As I mentioned, running is a new experience for me and it’s been a good one: it keeps me active, fit and healthy. The Oxfam Trailwalker race was a challenge – especially since it’s the first race I’ve been in.
I still remember the first day of training – it was really hard! Despite all the blisters, bruises and pain I had all over my body, I still needed to do my job the next day. That was a looong day! But the training was a lot of fun and so I even enjoyed the sore muscles (hahaha).
Marie – How did you find the race? Did you feel like giving up during the race? If so, what motivated you to keep going?
Milkha – On the actual race day, our team was so eager to do it (especially me), that it kept our adrenaline pumping. We had so much fun on the trail. We met new friends and teamed up together as one – we really enjoyed the whole experience. From the start line to check point 8 we did well. However, from check point 9 to the finish line I felt I had no more power – I felt sleepy, my legs were tired and I could feel the pain all over my body. But I kept saying to myself… don’t stop, stay hydrated and keep going… we’re almost there!!! I remembered how hard the training was, how much time and effort we put in to get ready for this day… I think the whole team felt the same. While we didn’t run anymore, we walked fast and we did it! And, of course, thinking of my son and the support from my employer, friends, coach and everyone else who was involved kept me going. I’m very grateful to them all.
Milkha – I heard about Uplifters from a Facebook friend and joined. I thought “Dare to Dream” sounded like a useful course for us, as domestic workers, because so many of us still do not dare to speak openly for ourselves. When we enter our employers’ homes, we think we must simply follow orders without thinking or offering our own suggestions – most of the agencies drilled this into us from the time we were at the training centre in Indonesia. For newcomers, cultural expectations and not understanding the subtleties of the language can make it really hard sometimes. Some employers are understanding about this, but I’d say most of them aren’t. So, in “Dare to Dream”, one of the important things we learn is how to open up by gaining both knowledge and the confidence to speak more freely.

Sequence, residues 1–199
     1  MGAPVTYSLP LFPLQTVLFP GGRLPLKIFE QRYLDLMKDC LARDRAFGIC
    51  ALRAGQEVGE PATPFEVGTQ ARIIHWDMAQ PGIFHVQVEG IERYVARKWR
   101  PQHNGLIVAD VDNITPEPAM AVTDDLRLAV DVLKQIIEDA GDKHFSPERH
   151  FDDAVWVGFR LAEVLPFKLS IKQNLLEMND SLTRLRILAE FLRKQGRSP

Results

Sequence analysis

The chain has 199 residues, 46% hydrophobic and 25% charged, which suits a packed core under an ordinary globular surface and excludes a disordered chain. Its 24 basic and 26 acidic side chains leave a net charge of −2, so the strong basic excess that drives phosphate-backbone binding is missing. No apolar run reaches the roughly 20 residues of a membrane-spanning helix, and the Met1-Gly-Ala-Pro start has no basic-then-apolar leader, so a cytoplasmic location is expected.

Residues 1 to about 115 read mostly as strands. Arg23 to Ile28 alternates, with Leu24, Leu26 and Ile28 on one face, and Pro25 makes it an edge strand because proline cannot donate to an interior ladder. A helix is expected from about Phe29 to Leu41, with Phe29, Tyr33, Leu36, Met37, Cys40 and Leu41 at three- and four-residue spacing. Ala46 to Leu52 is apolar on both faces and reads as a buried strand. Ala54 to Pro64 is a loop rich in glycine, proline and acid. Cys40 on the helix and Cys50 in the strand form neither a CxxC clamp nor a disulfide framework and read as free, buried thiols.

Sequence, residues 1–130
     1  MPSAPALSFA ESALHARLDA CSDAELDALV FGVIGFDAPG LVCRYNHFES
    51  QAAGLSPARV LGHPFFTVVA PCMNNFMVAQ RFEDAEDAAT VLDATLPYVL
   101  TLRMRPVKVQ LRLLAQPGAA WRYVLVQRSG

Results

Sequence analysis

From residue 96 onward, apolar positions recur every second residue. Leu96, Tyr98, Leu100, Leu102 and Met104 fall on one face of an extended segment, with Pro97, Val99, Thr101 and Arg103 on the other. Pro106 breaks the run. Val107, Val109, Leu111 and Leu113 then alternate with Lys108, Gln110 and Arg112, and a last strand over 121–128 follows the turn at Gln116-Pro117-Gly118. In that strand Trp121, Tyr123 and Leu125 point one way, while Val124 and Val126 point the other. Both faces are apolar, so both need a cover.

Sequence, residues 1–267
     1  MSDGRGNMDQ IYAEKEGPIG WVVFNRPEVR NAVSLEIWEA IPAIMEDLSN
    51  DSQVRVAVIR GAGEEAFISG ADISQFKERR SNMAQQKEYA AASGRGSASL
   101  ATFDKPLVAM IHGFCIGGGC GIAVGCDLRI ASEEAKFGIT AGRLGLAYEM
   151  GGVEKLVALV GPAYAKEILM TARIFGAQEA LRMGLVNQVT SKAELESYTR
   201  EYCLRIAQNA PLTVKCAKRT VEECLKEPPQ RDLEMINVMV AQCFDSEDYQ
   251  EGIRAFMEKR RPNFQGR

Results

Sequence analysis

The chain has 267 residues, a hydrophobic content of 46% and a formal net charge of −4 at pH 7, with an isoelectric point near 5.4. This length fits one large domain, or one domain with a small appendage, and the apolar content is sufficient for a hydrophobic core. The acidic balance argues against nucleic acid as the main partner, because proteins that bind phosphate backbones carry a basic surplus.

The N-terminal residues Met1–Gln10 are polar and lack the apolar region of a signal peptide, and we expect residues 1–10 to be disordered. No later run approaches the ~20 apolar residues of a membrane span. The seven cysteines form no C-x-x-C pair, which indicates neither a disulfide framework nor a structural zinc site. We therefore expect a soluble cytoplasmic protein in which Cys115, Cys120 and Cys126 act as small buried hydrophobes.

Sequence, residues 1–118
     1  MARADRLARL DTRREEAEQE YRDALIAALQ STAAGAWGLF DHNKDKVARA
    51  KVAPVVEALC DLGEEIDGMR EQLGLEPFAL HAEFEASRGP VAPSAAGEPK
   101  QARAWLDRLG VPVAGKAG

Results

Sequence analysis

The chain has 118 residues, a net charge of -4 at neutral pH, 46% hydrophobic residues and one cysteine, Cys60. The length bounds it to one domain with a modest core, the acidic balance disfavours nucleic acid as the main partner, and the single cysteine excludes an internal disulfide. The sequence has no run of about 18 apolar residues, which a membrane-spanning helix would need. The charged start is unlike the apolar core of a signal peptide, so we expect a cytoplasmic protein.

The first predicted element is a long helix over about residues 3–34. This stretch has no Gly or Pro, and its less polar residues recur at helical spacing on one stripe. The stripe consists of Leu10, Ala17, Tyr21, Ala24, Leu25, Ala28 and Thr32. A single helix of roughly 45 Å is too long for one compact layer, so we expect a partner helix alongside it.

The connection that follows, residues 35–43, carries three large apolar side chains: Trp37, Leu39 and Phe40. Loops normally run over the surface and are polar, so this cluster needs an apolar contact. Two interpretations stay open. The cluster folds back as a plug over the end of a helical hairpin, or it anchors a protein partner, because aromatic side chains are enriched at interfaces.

Marie – What are your own dreams for the future?
Milkha – My own dream is to look after my little farmhouse, to stay healthy and fit, and to enjoy life. I also hope that my son learns about what’s important in life from my example.
Marie – What is your message for fellow domestic workers? And for employers?
Milkha – For my fellow domestic workers, I’d like to suggest that, if you aren’t already, you start doing more positive activities during your days off – things that feed your soul and help you grow as a person. For those of you who already do, keep up the good work! Try to learn new things and share what you learn with others.
In terms of employers, I hope more employers become willing to listen to their helpers and discuss things more openly. I also wish that working hours would become more reasonable and that living conditions for helpers could improve (such as a private room with easy access to basic facilities such as a toilet and shower for each helper).
Employers: you can recommend your domestic worker to join our Facebook group More than Just a Maid where she will get all the information about our free courses.